Joe Biden speaks about international relationships at Iowa State


Caitlin Yamada/ Iowa State Daily

Former Vice President Joe Biden visited Iowa State on Wednesday as part of his “No Malarkey!” tour.

Amber Mohmand

Former Vice President Joe Biden spoke to a room of about 200 people on Wednesday about rebuilding international relationships.

Biden spoke to students, community members and Iowa residents in the Memorial Union. Some Iowa State students attending the event said they came to learn more about Biden’s campaign. 

“I am a Republican but I would consider supporting Joe Biden in the general election over Trump,” said Jacob Schrader, junior in political science and economics. “I don’t think that Trump has any morality and I think that Biden is moderate enough that he wouldn’t ruin the country.” 

During the event, Biden said he wanted to unify the political parties within the United States.

“I know there are a lot of good people trying to seek the nomination to represent the Democratic Party and I mean that sincerely,” Biden said. “We have so many people who have such great talent but folks one of the things I was originally criticized was for early on was when the third thing I said I wanted to unify America.” 

Joe Biden, along with his wife, is currently on an eight-day, 18-county “No Malarkey” bus tour around Iowa. Jill Biden, was not at the event due to a work commitment, though she will be hosting some solo and joint events with her husband in the Hawkeye state. 

Biden’s tour stop at the Memorial Union attracted supporters from candidates who had previously dropped out of the race. 

“I actually was one of the campus organizers for the Kamala Harris campaign,” said Ryan Ford, senior in political science. “So now I’m kind of in this spot of ‘where to next?’”

Sen. Kamala Harris had qualified for the next presidential debate but dropped out of the presidential race Tuesday.

“Well [Biden] was the first one to come on campus since Kamala,” Ford said. “I mean I’ve seen [Sen. Elizabeth] Warren, I’ve seen [Sen.] Bernie [Sanders] – I mean I’ve seen them all but taking another glance at them all is I think a good idea.” 

Biden has already qualified for the next Democratic presidential debate scheduled for Dec. 19. He is expected to be joined by Warren, Sanders, Mayor Pete Buttigieg, Sen. Amy Klobuchar and businessman Tom Steyer. 

At the event, Biden spoke about providing universal health care and building on policies he created alongside former President Barack Obama. Biden said his plan includes finding ways to rekindle foreign relationships as well as create a climate action plan.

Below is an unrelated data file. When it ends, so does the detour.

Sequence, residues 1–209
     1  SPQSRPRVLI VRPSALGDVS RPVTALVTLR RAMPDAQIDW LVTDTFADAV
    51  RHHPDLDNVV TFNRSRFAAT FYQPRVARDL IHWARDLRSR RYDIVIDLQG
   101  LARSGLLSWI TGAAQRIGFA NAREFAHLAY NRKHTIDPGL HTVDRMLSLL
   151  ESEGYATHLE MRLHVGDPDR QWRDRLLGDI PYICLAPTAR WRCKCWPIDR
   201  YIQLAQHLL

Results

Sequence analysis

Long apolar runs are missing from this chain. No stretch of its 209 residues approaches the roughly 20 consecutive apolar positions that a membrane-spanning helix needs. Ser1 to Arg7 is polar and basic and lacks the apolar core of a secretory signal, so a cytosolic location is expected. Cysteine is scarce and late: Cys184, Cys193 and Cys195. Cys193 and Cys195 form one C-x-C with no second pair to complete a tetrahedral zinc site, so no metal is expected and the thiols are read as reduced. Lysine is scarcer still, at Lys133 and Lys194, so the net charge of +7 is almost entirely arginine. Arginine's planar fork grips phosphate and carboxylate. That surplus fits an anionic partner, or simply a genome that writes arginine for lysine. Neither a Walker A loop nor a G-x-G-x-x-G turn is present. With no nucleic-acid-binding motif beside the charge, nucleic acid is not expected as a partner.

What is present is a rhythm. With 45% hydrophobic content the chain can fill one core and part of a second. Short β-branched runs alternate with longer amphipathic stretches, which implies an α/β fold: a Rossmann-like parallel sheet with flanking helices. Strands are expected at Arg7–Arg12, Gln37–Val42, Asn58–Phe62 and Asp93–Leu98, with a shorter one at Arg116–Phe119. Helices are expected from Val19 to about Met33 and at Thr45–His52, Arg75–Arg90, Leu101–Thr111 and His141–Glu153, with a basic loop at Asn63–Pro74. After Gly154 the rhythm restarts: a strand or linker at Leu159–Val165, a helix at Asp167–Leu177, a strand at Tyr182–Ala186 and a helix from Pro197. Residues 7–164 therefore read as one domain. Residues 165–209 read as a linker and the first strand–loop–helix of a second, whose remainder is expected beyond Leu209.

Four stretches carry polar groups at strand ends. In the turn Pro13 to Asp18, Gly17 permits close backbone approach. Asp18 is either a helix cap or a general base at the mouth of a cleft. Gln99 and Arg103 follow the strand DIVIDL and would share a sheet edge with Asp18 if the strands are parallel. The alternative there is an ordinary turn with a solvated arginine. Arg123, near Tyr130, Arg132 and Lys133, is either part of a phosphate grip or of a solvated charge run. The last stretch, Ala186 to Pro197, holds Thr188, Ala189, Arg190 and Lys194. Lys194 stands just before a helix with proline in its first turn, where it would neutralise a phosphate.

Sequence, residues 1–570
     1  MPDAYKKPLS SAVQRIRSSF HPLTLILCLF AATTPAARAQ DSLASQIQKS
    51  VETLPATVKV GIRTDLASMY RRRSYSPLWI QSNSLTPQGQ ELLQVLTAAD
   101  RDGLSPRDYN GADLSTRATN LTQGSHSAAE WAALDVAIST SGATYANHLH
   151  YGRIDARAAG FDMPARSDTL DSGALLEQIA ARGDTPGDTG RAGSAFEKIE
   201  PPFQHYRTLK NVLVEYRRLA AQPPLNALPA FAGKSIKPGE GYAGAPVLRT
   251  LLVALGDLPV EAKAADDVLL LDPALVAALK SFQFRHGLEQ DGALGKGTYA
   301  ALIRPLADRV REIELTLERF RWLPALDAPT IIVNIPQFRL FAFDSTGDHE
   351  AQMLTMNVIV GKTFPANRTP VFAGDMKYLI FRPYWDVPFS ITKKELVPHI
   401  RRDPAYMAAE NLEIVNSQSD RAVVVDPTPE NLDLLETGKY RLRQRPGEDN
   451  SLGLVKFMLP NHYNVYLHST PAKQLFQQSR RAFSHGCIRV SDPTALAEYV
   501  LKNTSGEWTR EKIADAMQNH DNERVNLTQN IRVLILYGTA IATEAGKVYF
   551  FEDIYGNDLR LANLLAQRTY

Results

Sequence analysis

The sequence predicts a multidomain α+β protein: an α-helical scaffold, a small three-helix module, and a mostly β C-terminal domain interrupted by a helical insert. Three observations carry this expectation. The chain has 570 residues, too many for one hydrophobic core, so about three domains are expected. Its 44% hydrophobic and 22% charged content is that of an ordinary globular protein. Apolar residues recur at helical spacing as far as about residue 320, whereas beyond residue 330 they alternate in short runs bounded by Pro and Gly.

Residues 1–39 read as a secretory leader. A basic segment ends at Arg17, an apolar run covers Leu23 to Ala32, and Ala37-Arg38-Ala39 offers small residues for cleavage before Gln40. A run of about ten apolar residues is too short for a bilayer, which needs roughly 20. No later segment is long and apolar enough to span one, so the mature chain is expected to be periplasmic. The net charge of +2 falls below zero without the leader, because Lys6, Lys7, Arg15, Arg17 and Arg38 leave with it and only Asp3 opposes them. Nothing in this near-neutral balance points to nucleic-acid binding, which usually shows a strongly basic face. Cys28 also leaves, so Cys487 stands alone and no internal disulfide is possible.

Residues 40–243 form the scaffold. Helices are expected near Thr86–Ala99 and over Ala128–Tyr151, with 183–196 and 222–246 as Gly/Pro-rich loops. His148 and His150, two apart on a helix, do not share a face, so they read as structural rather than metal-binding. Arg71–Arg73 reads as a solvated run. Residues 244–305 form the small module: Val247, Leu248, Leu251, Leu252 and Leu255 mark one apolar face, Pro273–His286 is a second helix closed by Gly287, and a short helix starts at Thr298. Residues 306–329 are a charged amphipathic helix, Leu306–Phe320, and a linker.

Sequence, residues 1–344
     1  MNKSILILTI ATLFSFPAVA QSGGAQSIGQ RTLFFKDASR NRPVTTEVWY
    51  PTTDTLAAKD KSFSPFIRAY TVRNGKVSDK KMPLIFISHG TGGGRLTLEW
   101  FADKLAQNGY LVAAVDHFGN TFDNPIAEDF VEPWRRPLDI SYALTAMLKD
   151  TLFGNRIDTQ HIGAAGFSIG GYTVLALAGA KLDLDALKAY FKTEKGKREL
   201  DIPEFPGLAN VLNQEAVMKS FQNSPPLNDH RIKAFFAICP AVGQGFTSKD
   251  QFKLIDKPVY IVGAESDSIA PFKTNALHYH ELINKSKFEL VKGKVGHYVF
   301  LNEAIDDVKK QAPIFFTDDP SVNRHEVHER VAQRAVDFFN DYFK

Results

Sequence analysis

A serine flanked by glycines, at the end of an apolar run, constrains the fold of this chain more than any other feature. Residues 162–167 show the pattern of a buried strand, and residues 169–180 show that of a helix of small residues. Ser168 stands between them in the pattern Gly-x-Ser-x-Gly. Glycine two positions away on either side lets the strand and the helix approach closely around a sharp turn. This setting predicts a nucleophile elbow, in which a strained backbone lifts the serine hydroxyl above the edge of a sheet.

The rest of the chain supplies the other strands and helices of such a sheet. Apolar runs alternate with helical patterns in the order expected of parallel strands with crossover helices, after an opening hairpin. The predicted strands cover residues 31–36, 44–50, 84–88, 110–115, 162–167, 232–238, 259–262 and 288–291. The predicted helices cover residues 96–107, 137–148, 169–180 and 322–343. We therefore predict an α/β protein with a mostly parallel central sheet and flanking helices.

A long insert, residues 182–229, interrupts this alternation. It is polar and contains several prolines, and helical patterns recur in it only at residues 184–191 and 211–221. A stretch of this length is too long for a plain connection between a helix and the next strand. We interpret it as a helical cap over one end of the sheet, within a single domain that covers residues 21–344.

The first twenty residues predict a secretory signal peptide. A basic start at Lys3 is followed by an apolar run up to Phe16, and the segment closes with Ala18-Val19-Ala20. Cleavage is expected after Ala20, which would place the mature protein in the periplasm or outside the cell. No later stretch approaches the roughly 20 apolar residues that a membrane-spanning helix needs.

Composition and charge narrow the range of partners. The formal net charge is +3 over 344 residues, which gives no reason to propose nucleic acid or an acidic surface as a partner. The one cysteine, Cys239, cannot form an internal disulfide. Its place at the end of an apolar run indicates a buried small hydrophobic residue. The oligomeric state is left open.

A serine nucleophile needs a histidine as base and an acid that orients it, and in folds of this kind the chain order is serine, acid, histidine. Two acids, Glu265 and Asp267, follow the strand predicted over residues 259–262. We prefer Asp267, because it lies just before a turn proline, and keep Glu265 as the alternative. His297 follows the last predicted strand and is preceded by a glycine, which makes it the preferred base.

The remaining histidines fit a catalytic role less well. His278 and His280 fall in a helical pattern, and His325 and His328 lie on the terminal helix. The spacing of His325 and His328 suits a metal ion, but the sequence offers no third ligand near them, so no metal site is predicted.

“Global warming is the existential threat to humanity, something I talked about dating back into 1986 when I introduced the first global warming legislation,” Biden said. “The fact is that rural America is the key to making sure [global warming is] the first operation in America.” 

Biden said he wants to use rural areas to help regulate the climate and bring the U.S. closer to zero emissions. 

Ananda Boyd, freshman in world languages and cultures, said she wanted to learn more about politics and the Democratic candidates.

“I really appreciated how all of his concerns were towards benefitting the people,” Boyd said. “Joe Biden really sticks out to me for the fact that he’s a very genuine person. For example, although he is a former vice president he is like one of us […] as in he doesn’t act as if he’s above everyone but rather a friendly peer almost.” 

While answering questions, Joan Bolin-Betts, an Ames resident and former deputy treasurer of Iowa, asked Biden how he plans on strengthening the international relationships. Bolin-Betts previously endorsed former presidential candidate and former Rep. Beto O’Rourke and has since endorsed Sen. Michael Bennet.

“[Biden’s] international experience is the most important thing to me,” Bolin-Betts said. “Right now I consider us in much greater risk than we realize in terms of stability in Europe […] He recognizes that damage has been done internationally by Trump, he also has reminded us that he knows the leaders of NATO, the leaders of Europe, and he would be able to work with them immediately – that they know him and he will be trusted.” 

The former vice president struggles to garner the same levels of support among student-aged voters as his opponents, earning just 2 percent support among likely Iowa Democratic caucusgoers ages 18-34, according to a poll conducted by Iowa State in November.

Biden said he plans on coming back to Iowa in January.

Reporting contributed by Trevor Babcock